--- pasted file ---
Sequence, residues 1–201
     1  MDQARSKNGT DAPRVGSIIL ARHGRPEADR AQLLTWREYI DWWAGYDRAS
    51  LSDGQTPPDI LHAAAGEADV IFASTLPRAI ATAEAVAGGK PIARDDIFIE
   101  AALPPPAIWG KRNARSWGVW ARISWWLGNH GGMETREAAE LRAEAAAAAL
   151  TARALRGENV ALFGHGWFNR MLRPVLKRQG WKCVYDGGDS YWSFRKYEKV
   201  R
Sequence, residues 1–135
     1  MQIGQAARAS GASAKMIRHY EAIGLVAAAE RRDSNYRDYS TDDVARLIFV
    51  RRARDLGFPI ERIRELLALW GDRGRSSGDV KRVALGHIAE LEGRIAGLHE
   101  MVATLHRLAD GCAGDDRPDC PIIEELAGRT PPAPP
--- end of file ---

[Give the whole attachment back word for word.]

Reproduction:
Sequence, residues 1–201
     1  MDQARSKNGT DAPRVGSIIL ARHGRPEADR AQLLTWREYI DWWAGYDRAS
    51  LSDGQTPPDI LHAAAGEADV IFASTLPRAI ATAEAVAGGK PIARDDIFIE
   101  AALPPPAIWG KRNARSWGVW ARISWWLGNH GGMETREAAE LRAEAAAAAL
   151  TARALRGENV ALFGHGWFNR MLRPVLKRQG WKCVYDGGDS YWSFRKYEKV
   201  R
Sequence, residues 1–135
     1  MQIGQAARAS GASAKMIRHY EAIGLVAAAE RRDSNYRDYS TDDVARLIFV
    51  RRARDLGFPI ERIRELLALW GDRGRSSGDV KRVALGHIAE LEGRIAGLHE
   101  MVATLHRLAD GCAGDDRPDC PIIEELAGRT PPAPP